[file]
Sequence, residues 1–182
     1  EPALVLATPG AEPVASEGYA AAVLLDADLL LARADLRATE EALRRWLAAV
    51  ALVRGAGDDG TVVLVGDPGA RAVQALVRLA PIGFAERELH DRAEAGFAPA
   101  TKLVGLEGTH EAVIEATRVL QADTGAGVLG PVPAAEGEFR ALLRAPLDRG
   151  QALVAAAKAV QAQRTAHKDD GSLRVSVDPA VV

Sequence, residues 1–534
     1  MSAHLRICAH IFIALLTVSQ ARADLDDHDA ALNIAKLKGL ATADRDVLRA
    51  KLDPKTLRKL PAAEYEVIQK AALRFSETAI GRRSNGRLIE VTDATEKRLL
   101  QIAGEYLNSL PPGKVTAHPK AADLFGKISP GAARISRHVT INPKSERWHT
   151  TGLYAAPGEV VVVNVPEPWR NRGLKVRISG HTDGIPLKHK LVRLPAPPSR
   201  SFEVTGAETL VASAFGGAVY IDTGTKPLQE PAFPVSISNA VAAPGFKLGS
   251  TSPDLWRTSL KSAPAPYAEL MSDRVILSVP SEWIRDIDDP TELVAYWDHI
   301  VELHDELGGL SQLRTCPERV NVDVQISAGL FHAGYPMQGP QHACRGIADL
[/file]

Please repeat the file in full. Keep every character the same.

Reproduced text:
Sequence, residues 1–182
     1  EPALVLATPG AEPVASEGYA AAVLLDADLL LARADLRATE EALRRWLAAV
    51  ALVRGAGDDG TVVLVGDPGA RAVQALVRLA PIGFAERELH DRAEAGFAPA
   101  TKLVGLEGTH EAVIEATRVL QADTGAGVLG PVPAAEGEFR ALLRAPLDRG
   151  QALVAAAKAV QAQRTAHKDD GSLRVSVDPA VV

Sequence, residues 1–534
     1  MSAHLRICAH IFIALLTVSQ ARADLDDHDA ALNIAKLKGL ATADRDVLRA
    51  KLDPKTLRKL PAAEYEVIQK AALRFSETAI GRRSNGRLIE VTDATEKRLL
   101  QIAGEYLNSL PPGKVTAHPK AADLFGKISP GAARISRHVT INPKSERWHT
   151  TGLYAAPGEV VVVNVPEPWR NRGLKVRISG HTDGIPLKHK LVRLPAPPSR
   201  SFEVTGAETL VASAFGGAVY IDTGTKPLQE PAFPVSISNA VAAPGFKLGS
   251  TSPDLWRTSL KSAPAPYAEL MSDRVILSVP SEWIRDIDDP TELVAYWDHI
   301  VELHDELGGL SQLRTCPERV NVDVQISAGL FHAGYPMQGP QHACRGIADL